Posts Tagged ‘Navigation’

We are pleased to present below all posts tagged with ‘Navigation’.

Exploration Of Single-Page Websites

We tend to think of navigating a website as clicking from page-to-page via some kind of global navigation that's always visible. When it comes to a single page, we often think scrolling is the one and only way to move from one end to the next. Sometimes global navigation and scrolling are the best, most appropriate ways to move about, (however, they aren't the only ways).

Navigation Patterns In Single-Page Websites

The websites in this article let you scroll, but they also provide alternative ways of finding cues and means for getting around. In several cases the designs encourage exploration, which is both more engaging and also teaches you how to navigate at the same time.

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Playful UX Design: Building A Better Game

I sincerely believe that the user experience community should add game design to its toolbox of competencies. If we’re truly committed to creating satisfying user experiences, then there’s no reason why games, which can satisfy people so richly, should be excluded.

Playful UX Design: Building A Better Game

Operating successfully in the games domain means learning a new set of competencies, and I don’t want to oversimplify the challenges of designing high-quality game experiences. However, if you’re in a position to jump in and start designing, then I can at least offer a primer to help you steer clear of some of the most common mistakes.

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Responsive Menus: Enhancing Navigation On Mobile Websites

Most of us are pretty familiar with responsive Web design by now. Basically, it uses a combination of a fluid layout and media queries to alter the design and layout of a website to fit different screen sizes. There are other considerations, too. For example, a lot of work has been done on responsive images, ensuring not only that images fit in a small-screen layout, but that the files downloaded to mobile devices are smaller, too.

Responsive Menus: Enhancing Navigation On Mobile Websites

But mobile design isn’t just about layout and speed: it’s also about user experience. In this article, we’ll focus on one aspect of the user experience — navigation menus — and detail a few approaches to making them work better on mobile devices.

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Can User Experience Be Beautiful? An Analysis Of Navigation In Portfolio Websites

When users land on your website, they typically read the content available. Then, the next thing that they will do is to try and familiarize themselves with your website. Most of the time this involves looking for navigation.

An Analysis Of Navigation In Portfolio Websites

In this article, I'll be analyzing the navigation elements of a particular category of websites, i.e. portfolios. Why portfolios, you ask? Because they represent an interesting blend of creativity and development techniques.

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What Web Designers Can Learn From Video Games

Games are becoming more Web-like, and the Web is becoming more game-like. If you need proof of this, you have only to look at Yahoo Answers. Random questions are posed, the top answer is chosen, and credibility points are given to the winner. It's a ranking system that accumulates and unlocks more and more features within the system. It works because of the psychology of achievement and game mechanics and thus encourages interaction.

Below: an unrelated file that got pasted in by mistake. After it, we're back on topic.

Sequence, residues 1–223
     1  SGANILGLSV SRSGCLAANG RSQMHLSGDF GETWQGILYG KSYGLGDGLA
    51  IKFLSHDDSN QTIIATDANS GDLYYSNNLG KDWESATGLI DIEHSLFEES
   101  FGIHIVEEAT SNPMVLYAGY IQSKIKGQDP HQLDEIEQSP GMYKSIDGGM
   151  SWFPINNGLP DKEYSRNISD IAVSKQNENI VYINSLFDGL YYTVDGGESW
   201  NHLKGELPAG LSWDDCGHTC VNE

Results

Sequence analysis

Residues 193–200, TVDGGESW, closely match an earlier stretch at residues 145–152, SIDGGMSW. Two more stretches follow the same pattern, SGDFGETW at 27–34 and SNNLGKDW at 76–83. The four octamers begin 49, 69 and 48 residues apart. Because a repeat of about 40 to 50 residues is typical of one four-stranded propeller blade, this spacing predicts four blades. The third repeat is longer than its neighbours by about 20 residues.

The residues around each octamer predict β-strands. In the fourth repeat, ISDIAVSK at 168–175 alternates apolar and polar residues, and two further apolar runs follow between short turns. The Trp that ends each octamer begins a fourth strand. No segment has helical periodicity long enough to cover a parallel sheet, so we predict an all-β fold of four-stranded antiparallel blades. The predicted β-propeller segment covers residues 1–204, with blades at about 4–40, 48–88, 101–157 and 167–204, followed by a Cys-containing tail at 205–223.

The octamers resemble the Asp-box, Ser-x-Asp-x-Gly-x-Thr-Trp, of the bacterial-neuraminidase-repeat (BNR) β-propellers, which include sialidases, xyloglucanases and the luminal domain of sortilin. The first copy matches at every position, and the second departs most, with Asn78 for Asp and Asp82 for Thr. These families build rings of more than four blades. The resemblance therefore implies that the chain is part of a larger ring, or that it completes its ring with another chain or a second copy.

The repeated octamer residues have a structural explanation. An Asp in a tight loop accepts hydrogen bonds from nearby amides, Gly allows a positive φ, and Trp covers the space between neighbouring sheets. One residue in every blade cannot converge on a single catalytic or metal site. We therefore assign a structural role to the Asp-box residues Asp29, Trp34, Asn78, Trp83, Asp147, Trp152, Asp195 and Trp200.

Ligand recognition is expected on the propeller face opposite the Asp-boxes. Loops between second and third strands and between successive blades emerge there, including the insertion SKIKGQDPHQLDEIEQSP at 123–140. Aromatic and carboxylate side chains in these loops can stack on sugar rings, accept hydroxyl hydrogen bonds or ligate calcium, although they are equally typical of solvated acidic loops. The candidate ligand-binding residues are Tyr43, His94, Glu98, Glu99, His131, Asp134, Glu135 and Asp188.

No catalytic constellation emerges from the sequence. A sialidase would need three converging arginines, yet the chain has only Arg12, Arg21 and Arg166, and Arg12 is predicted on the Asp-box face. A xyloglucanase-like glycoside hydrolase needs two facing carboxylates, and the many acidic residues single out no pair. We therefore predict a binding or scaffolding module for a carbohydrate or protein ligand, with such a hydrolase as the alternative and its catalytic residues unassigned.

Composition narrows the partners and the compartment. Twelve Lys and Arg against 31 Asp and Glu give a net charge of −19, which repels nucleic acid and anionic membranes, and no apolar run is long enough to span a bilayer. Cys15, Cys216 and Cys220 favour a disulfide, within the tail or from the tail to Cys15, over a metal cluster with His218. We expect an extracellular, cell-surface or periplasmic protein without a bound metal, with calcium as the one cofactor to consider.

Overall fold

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This raises the question, what can a Web designer learn from games, or — more specifically — video games? Good game interfaces have to be highly usable and intuitive, capable of handling a lot of repetitive actions in the fewest clicks possible. They need to be attractive and engaging. They need to be likeable. A good game interface adds to and enhances the user’s experience. In a game, people want the content delivered to them in a way that doesn’t break the fantasy. Any dissonance with the interface will cause an otherwise great game to fail.

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Planning And Implementing Website Navigation

The thing that makes navigation difficult to work with in Web design is that it can be so versatile. Navigation can be simple or complex: a few main pages or a multi-level architecture; one set of content for logged-in users and another for logged-out users; and so on. Because navigation can vary so much between websites, there are no set guidelines or how-to’s for organizing navigation.

Designing navigation is an art in itself, and designers become better at it with experience. It’s all about using good information architecture: “the art of expressing a model or concept of information used in activities that require explicit details of complex systems.”

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Optimizing Error Pages: Creating Opportunities Out Of Mistakes

In this article I'll be reviewing a few techniques that will help Web designers and UI professionals to improve their error pages in order to engage visitors and improve overall website experience. As C. S. Lewis once said, “Failures are finger posts on the road to achievement”. Web designers should take this to heart.

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I’ll be focusing on error and maintenance pages, both from tracking as well as usability perspectives. I’ll also be providing a good number of examples on how to use analytics and defensive design in order to optimize user experience for such pages. First, let’s go over the error pages and cover the questions on how to optimize them efficiently.

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